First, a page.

Searching over 5,500,000 cases.


searching
Buy This Entire Record For $7.95

Official citation and/or docket number and footnotes (if any) for this case available with purchase.

Learn more about what you receive with purchase of this case.

LONG v. CHICAGO TRANSIT AUTH.

UNITED STATES DISTRICT COURT FOR THE NORTHERN DISTRICT OF ILLINOIS, EASTERN DIVISION


October 27, 1997

BRYANT LONG, Plaintiff,
v.
CHICAGO TRANSIT AUTHORITY, Defendant.

The opinion of the court was delivered by: ALESIA

MEMORANDUM OPINION AND ORDER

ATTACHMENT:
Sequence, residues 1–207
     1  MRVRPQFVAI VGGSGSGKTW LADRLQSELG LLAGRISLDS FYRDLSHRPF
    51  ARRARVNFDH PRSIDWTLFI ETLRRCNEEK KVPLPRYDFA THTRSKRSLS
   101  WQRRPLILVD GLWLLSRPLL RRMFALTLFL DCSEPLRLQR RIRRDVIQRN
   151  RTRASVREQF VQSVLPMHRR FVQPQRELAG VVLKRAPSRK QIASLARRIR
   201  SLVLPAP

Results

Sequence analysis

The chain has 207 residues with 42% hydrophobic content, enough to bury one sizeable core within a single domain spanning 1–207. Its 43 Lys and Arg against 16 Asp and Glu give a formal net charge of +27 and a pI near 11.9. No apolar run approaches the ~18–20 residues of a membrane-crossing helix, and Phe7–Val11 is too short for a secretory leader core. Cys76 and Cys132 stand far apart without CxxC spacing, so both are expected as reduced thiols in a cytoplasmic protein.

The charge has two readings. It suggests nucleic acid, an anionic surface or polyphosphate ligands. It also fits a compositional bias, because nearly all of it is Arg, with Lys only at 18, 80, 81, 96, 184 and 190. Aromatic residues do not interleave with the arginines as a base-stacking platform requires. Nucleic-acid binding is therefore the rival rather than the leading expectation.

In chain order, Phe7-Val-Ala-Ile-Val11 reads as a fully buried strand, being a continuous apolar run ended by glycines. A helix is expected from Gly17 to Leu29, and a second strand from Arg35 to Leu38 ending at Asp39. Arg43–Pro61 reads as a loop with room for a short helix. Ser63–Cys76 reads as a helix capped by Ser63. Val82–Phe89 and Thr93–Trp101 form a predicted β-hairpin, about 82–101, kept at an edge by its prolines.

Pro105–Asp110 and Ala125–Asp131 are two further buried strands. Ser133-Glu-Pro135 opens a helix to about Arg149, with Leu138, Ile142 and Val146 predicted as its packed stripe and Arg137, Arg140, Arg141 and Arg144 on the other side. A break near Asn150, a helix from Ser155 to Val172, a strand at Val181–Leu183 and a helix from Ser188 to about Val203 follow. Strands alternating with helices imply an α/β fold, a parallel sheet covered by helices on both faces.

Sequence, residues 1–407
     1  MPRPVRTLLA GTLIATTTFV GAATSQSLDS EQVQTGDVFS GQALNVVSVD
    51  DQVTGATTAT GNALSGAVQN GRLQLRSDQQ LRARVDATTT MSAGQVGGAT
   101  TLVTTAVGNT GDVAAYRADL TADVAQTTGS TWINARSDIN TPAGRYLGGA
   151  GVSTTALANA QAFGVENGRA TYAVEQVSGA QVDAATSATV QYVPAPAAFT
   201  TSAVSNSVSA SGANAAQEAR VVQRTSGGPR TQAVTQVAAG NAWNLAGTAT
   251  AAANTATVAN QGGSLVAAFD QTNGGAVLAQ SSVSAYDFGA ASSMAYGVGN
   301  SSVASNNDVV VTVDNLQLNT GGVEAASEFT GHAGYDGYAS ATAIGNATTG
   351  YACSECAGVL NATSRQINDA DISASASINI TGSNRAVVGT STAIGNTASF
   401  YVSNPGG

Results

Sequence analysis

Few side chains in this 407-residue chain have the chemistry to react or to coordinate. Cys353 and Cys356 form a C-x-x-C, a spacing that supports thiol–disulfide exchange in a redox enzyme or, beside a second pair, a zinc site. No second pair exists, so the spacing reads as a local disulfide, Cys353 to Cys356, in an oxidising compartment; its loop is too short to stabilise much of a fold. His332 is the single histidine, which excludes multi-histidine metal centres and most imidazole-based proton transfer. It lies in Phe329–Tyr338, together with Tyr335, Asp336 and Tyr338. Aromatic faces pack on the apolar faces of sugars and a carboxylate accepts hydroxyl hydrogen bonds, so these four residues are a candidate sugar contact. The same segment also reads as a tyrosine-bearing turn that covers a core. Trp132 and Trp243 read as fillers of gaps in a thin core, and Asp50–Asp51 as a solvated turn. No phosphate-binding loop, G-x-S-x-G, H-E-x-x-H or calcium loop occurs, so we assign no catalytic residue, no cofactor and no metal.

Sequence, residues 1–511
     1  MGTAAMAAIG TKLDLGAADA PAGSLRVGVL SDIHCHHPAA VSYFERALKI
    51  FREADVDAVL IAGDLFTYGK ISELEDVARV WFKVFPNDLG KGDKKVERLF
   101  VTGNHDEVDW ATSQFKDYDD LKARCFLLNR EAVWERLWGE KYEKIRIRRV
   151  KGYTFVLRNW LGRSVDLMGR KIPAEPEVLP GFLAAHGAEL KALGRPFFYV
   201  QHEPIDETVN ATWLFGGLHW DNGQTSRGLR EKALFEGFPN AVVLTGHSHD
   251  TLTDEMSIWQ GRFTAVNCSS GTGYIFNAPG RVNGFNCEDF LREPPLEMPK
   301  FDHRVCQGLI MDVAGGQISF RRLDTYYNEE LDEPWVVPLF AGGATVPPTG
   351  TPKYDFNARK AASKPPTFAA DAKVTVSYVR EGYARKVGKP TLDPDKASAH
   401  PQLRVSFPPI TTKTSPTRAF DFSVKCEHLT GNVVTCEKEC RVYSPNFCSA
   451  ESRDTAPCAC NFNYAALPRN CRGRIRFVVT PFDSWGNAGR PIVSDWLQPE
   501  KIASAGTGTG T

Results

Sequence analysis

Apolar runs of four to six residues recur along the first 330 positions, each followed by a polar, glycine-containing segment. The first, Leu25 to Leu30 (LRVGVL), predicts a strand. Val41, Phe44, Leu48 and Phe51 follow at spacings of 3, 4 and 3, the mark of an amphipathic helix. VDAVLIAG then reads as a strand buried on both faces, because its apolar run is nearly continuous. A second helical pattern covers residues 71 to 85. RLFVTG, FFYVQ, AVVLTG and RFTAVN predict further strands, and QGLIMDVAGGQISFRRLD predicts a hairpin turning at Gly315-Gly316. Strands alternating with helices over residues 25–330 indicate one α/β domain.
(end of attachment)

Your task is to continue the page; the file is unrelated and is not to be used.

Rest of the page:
Before the court is defendant Chicago Transit Authority's ("CTA") motion to dismiss plaintiff Bryant Long's complaint pursuant to Federal Rule of Civil Procedure 12(b)(6) for failure to state a claim upon which relief can be granted. For the reasons that follow, defendant's motion is granted.

 I. BACKGROUND

 Plaintiff Bryant Long ("Long") alleges the following facts which, for the purposes of this motion, are taken as true. Hishon v. King & Spalding, 467 U.S. 69, 73, 81 L. Ed. 2d 59, 104 S. Ct. 2229 (1984). When Long was eleven years old, he had both of his feet partially amputated and was fit with prosthetics. Subsequently, Long graduated from high school and completed two years of college. Currently, Long has an unrestricted driver's license and has maintained an excellent driving record for twelve years. Long is well coordinated and in excellent health.